AOL, Facebook, Google, LinkedIn, Microsoft, Twitter, Apple and Yahoo have created an alliance requesting the US government reform surveillance practices for the sake of usersâ€™ privacy after revelations of wide-scale gathering of data on private citizens.
The alliance, known as Reform Government Surveillance, also seeks accountability for intelligence agencies, transparency in government demands for user information and a consistent and â€œtransparentâ€ legal framework to globally protect all usersâ€™ privacy and safety.
â€œThe undersigned companies believe that it is time for the worldâ€™s governments to address the practices and laws regulating government surveillance of individuals and access to their informationâ€, the groupâ€™s website says. â€œIn addition, governments should limit surveillance to specific, known users for lawful purposes, and should not undertake bulk data collection of Internet communications.â€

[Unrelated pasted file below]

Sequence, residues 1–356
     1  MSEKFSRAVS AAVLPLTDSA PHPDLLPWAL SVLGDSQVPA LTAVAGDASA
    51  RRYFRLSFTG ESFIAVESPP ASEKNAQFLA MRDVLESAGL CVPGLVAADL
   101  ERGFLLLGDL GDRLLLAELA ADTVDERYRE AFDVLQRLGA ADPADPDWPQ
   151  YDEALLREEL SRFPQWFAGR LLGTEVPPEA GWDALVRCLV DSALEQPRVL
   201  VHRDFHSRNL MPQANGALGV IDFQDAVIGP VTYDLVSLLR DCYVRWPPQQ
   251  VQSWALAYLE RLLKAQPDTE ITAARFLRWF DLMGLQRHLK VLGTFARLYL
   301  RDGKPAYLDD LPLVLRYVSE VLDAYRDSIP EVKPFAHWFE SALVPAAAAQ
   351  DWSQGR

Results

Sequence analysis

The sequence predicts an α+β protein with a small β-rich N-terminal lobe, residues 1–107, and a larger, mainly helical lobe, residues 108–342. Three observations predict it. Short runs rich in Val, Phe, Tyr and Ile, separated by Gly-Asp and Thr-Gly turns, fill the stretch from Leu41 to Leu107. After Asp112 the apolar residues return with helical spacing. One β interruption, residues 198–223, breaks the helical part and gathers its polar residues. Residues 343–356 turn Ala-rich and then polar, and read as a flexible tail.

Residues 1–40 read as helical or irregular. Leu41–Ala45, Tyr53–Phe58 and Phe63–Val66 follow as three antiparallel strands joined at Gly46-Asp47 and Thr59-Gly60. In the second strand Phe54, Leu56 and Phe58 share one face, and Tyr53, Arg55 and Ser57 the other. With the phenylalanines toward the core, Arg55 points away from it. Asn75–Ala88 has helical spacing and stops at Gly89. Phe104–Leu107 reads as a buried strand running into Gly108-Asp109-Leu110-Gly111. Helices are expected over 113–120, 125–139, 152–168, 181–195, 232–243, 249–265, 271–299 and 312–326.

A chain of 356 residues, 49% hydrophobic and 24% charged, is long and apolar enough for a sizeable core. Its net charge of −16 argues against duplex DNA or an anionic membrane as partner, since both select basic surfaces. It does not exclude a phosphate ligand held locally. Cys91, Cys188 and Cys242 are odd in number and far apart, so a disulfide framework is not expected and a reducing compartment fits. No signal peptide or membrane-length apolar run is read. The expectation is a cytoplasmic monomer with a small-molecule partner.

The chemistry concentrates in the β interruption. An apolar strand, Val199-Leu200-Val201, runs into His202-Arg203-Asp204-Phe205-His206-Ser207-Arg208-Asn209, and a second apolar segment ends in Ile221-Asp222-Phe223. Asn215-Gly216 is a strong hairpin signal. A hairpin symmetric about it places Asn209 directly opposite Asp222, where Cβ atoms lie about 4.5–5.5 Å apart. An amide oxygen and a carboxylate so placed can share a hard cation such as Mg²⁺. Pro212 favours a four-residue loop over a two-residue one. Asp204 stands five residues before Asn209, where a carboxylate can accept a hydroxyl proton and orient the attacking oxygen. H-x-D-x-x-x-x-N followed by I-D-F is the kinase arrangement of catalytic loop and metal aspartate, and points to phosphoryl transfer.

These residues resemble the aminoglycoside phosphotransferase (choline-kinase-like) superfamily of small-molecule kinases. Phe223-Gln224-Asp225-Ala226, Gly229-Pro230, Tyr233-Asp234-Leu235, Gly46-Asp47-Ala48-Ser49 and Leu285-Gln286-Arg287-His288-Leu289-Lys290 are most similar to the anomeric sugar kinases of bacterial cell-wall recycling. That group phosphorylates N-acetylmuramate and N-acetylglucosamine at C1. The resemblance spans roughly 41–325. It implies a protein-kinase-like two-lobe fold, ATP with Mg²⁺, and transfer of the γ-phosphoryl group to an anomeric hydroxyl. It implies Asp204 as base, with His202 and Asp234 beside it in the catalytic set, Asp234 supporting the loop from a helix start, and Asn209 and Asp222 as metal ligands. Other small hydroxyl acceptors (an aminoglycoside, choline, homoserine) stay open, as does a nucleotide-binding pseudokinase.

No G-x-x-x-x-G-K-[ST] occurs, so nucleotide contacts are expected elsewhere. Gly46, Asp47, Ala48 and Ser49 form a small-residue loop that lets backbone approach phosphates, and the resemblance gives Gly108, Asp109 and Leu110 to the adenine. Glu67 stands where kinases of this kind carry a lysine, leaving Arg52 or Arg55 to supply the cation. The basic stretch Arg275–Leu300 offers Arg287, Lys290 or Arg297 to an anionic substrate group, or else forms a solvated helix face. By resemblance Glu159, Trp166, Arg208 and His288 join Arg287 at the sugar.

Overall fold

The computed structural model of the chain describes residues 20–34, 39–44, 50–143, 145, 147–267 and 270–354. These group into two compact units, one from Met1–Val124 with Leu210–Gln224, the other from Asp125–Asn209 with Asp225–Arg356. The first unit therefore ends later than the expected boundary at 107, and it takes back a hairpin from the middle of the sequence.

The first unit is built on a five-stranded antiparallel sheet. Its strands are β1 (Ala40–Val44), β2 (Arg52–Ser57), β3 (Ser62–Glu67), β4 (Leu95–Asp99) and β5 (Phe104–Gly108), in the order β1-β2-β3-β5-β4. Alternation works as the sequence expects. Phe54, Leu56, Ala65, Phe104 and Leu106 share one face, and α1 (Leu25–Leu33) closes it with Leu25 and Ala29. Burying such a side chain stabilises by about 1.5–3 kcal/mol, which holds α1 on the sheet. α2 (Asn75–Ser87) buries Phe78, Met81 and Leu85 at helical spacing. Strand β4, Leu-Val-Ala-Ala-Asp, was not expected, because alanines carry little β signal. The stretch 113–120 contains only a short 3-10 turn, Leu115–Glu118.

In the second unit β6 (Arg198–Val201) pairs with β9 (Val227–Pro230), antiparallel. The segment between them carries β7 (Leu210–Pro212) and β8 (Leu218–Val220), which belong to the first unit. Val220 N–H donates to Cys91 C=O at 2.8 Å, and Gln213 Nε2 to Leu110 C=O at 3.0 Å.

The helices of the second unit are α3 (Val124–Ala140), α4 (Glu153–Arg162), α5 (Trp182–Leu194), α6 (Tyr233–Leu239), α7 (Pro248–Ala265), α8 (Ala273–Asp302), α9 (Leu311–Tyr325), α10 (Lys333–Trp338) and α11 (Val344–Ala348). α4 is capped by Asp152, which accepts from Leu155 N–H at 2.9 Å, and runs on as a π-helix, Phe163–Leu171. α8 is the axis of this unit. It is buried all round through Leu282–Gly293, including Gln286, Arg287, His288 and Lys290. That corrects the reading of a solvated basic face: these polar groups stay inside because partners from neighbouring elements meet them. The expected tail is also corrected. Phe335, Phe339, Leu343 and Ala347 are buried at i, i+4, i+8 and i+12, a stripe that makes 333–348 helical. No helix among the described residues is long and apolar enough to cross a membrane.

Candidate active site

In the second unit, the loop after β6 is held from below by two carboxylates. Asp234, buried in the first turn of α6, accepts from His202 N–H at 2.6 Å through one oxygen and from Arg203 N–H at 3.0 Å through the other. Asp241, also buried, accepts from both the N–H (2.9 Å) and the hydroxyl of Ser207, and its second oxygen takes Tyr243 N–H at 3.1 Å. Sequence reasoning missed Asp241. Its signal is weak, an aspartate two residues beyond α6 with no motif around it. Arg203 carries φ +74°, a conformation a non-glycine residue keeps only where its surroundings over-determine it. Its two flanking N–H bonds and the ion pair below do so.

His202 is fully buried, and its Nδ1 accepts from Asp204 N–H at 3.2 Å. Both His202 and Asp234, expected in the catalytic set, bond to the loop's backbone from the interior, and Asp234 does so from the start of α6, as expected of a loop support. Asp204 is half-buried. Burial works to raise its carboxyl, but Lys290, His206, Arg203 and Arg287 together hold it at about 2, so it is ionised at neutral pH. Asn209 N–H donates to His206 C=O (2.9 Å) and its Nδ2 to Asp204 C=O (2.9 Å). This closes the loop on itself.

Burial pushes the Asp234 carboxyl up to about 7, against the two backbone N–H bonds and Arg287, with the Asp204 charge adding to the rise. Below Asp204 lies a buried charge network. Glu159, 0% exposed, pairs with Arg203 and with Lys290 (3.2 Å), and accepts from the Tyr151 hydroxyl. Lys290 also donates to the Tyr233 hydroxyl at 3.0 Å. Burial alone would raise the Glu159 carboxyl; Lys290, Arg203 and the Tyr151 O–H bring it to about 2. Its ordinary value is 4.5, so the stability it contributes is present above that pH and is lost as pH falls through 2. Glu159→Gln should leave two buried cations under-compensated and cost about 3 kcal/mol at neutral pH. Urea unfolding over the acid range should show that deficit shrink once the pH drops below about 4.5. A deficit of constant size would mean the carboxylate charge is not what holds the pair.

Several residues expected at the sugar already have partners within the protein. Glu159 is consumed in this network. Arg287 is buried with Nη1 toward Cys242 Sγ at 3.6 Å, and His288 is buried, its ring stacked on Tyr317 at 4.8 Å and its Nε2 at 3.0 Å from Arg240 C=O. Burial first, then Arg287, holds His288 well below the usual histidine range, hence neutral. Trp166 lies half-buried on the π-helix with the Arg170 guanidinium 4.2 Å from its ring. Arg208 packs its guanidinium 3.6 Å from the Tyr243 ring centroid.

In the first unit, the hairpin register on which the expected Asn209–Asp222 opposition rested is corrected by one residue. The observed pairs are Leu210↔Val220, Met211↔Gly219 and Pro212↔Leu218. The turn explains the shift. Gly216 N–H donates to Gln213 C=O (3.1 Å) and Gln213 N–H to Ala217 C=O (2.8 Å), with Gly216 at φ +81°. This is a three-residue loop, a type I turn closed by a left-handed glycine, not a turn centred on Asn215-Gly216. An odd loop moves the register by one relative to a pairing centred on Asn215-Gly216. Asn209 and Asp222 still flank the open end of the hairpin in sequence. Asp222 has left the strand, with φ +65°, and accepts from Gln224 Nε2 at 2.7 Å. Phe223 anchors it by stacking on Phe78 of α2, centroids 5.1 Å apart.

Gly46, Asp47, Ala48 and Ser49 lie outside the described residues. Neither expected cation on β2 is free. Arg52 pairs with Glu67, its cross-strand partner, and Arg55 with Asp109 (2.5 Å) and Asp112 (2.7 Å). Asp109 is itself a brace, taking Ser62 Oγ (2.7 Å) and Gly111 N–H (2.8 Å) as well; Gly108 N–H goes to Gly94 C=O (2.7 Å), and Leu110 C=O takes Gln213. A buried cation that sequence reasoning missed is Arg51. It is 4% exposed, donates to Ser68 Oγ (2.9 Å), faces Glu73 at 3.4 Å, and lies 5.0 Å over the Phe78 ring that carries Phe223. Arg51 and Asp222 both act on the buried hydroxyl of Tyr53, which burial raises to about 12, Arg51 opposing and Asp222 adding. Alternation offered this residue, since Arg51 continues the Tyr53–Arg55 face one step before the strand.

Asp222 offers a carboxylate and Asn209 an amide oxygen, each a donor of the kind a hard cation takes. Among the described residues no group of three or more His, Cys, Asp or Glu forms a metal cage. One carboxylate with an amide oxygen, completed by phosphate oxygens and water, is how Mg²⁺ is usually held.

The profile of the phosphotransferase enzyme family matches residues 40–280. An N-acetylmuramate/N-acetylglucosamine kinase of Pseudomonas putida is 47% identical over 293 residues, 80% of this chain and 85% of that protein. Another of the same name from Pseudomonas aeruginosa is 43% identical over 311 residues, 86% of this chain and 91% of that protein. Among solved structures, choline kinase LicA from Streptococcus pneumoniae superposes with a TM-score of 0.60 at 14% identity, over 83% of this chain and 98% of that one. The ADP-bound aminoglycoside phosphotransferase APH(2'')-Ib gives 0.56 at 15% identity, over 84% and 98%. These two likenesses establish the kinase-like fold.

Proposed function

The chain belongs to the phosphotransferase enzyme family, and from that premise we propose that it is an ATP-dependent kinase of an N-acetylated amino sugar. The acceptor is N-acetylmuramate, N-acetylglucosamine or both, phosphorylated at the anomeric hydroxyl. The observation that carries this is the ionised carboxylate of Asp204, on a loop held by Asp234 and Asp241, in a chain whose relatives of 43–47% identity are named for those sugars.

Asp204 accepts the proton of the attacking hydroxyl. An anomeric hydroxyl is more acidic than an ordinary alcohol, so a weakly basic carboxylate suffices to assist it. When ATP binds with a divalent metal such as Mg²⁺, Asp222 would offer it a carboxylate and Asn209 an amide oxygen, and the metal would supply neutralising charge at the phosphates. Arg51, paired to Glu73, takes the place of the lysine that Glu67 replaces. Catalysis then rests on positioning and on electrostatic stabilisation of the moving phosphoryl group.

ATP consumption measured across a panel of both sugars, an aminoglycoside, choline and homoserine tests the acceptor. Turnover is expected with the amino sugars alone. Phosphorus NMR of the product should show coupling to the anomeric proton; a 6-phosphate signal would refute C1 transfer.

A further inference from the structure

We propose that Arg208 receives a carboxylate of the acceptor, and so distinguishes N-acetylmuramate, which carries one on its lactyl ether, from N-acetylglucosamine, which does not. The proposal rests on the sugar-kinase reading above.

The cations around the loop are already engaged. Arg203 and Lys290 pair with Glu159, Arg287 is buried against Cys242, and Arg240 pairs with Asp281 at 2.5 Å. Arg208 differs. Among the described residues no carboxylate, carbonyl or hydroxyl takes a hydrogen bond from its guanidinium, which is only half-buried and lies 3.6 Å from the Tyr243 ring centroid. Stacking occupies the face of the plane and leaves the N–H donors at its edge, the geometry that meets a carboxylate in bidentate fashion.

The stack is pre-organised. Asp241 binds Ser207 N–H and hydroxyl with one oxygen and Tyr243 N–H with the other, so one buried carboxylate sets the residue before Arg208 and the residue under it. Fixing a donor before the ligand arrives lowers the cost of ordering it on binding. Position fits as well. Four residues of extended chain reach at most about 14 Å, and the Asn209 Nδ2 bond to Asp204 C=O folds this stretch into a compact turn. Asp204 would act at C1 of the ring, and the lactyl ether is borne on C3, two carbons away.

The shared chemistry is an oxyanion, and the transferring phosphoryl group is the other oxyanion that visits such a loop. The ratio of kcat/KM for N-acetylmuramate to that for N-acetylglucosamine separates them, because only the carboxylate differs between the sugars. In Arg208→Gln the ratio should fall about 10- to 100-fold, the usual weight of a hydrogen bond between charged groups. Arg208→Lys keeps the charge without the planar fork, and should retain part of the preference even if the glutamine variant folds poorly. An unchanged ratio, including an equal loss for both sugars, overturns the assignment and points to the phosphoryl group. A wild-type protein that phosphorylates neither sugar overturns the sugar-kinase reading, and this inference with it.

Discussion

In an open letter to the US President, the companies say they created this initiative as a result of the numerous disclosures on NSAâ€™s secret spying activity, leaked by former employee Edward Snowden.
â€œReports about government surveillance have shown there is a real need for greater disclosure and new limits on how governments collect information,” says Facebook CEO Mark Zuckerberg. “The US government should take this opportunity to lead this reform effort and make things right.”
The companies plan to rehabilitate their image in the consumers’ eyes, because â€œpeople wonâ€™t use technology they donâ€™t trust,â€ says Brad Smith, General Counsel and Executive Vice President, Legal and Corporate Affairs at Microsoft.